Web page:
Japan Expo Paris - July 11-14, 2024
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Tsukasa HÔJÔ

From City Hunter to Cat’s Eye, F. Compo and many more, Tsukasa HÔJÔ’s work is part of the History of manga and he is still to this day one of the most iconic mangaka for whole generations. He is the Manga Guest of Honor of Japan Expo 2023!

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The debut of Tsukasa HÔJÔ

Tsukasa HÔJÔ was born on March 5, 1959, in Kokura, a town in the Fukuoka prefecture that has merged with others and is now called Kitakyûshû. Even as a child, he loved drawing and often practiced. However, this passion soon left him. But no matter, Tsukasa HÔJÔ found other interests. During his teenage years, he devoured novels and films, important influences that would continue throughout his career as an author. At that time, the budding artist was far removed from the world of manga, which he read occasionally.

He got closer to that world in high school when a friend suggested he join the manga club. Together, they created a fanzine presenting unfinished stories. At the time, he felt it was impossible to make money drawing manga every week and thought instead about working on his lifelong passions, painting and cinema. Tsukasa HÔJÔ went on to study design at Kyûshû Sangyo University, where he joined the fanzine MOW. It was then that he discovered that the Tezuka Prize offered one million yen to the winner, prompting him to enter the competition in 1979 to use the money to finance the production of a film. He sent Space Angel to the jury. Tsukasa HÔJÔ won second prize in the competition, entitling him to a grant of 200,000 yen, which he used to buy a projector. This event enabled him to meet Nobuhiko HORIE, who became his editorial manager and offered him the chance to make his debut in the Weekly Shônen JumpShûeisha's flagship magazine, which Tsukasa HÔJÔ admits he had hardly ever read at the time!

Cat's Eye, first success

Things began to take off for the author in 1981: after publishing a short work, Third Deka, based on a story by Kazehiko TOKAI, he embarked on his first flagship series, Cat's Eye. The manga was published between 1981 and 1985, spanning no fewer than 18 volumes. 

In 1983, Tokyo Movie Shinsha produced an animated adaptation of the series. In France, the trio of the Chamade sisters (Kisugi in the original version), burglars as skillful as they are endearing, were soon discovered on TV screens as they set out to steal works of art that belonged to their missing father in the hope of finding him. The series is a hit in France, where it is known as Signé Cat's Eyes.

City hunter, the consecration

 
 

In 1985, Tsukasa HÔJÔ stopped drawing Cat's Eye and moved on to his most cult series, City Hunter. The two short stories before serialization were published separately in a short-story collection. The manga thus debuted in Weekly Shônen Jump magazine, where readers discovered a rather dark story with plenty of humor but as dramatic as it gets. City Hunter deals head-on with murder and drugs, and the magazine's young readership didn't particularly take to it. Tsukasa HÔJÔ decided to kill off the character of Hideyuki MakimuraRyo Saeba's partner, to introduce Kaori, her younger sister, and an essential character right from the start of the project. As initially anticipated, the manga shifted more towards comedy, with a diversity of gags that work wonderfully between the tandem of protagonists: City Hunter took off and became the success it is today.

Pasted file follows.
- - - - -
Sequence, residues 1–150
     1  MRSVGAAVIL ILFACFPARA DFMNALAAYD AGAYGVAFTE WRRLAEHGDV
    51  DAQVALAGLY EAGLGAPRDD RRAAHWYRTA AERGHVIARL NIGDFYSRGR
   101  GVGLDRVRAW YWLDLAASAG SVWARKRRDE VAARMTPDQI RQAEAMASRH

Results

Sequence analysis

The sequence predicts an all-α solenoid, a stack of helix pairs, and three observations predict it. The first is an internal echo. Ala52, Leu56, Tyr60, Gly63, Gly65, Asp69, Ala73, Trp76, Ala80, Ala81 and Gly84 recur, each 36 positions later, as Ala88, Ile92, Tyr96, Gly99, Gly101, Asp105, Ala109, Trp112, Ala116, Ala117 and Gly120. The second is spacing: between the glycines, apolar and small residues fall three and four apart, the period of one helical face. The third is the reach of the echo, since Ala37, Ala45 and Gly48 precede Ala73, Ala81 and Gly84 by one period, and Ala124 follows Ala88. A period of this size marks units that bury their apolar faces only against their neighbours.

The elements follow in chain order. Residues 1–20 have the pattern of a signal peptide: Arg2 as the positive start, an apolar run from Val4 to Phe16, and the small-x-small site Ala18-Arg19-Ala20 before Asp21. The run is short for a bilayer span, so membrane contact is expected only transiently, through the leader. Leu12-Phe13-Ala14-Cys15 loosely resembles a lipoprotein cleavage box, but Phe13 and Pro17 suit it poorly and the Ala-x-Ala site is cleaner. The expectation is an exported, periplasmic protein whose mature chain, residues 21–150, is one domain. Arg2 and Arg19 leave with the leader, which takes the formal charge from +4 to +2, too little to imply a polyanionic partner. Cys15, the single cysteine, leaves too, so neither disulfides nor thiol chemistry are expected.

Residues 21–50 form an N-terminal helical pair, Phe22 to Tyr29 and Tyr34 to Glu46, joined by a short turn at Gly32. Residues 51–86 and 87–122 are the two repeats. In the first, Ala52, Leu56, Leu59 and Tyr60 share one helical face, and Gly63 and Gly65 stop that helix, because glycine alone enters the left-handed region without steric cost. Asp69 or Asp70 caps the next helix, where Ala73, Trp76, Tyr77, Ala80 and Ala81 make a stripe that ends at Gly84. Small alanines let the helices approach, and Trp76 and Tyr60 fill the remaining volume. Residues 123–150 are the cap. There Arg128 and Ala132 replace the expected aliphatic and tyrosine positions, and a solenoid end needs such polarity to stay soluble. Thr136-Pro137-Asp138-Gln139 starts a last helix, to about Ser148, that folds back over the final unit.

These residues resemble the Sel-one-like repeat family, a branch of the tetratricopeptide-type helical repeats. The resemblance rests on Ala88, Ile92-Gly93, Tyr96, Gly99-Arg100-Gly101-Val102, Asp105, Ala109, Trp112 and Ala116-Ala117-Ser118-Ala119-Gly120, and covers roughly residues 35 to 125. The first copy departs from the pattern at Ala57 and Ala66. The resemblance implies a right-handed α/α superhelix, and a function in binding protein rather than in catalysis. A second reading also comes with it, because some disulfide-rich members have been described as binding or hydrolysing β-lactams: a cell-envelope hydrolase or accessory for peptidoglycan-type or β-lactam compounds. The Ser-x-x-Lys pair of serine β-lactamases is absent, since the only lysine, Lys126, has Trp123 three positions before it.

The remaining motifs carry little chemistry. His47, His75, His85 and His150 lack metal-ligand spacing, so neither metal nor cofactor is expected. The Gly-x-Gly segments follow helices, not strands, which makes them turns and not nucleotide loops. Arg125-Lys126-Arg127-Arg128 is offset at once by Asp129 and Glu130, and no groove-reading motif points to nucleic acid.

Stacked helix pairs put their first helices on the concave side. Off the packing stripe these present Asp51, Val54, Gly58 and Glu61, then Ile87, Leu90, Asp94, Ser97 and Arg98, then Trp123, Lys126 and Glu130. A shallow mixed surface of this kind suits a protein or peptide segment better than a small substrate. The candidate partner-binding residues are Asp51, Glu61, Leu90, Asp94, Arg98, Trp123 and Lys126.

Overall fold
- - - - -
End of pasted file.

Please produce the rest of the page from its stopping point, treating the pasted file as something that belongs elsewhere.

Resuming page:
Studio Sunrise adapted City Hunter into an anime series in 1987, and French audiences discovered it soon enough under the name Nicky Larson, with undeniable success. City Hunter has since spawned numerous adaptations, with several animated films in the 90s or, more recently, City Hunter Private Eyes, approved by Tsukasa HÔJÔ and released in theaters in France in 2019. Live-action films have also seen the light of day, with Jing WONG's Niki Larson starring Jackie CHAN in 2002, and French director Philippe LACHEAU's Nicky Larson et le parfum de Cupidon, released in 2019, which made its way to Japan, where audiences have been able to discover it in cinemas since November 29.

In 2001, he brought back one of his cult characters: Ryo Saeba. He published Angel Heart in Comic Bunch magazine, a remake of City Hunter he did himself on his own. In 2010, the magazine ceased publication, but the 33-volume manga had not said its last word. It immediately rose from the ashes under the title Angel Heart 2nd Season in the new magazine Comic Zenon, where 16 volumes were published until 2017.

The mangaka goes behind the camera

Tsukasa HÔJÔ helps young mangaka to learn the profession. He worked for the first time as a director on the film Angel Sign, an anthology of five stories adapted from silent comics from around the world. These works were presented at the Silent Manga Audition, the largest international silent manga competition, of which the artist is a member of the jury.

 

See you at Japan Expo Paris from July 13 to 16, 2023 to meet Tsukasa HÔJÔ during conferences and signing sessions!